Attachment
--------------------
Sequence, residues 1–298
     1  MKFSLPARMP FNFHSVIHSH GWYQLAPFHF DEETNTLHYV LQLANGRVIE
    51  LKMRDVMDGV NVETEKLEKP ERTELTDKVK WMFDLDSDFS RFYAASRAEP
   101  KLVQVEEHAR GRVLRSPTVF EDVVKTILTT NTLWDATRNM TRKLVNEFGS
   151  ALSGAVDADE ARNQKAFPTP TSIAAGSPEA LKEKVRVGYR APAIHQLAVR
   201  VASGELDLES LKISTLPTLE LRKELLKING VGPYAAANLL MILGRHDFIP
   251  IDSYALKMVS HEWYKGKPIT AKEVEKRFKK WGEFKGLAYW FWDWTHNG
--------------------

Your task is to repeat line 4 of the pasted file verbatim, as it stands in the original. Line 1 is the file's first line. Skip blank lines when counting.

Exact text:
   101  KLVQVEEHAR GRVLRSPTVF EDVVKTILTT NTLWDATRNM TRKLVNEFGS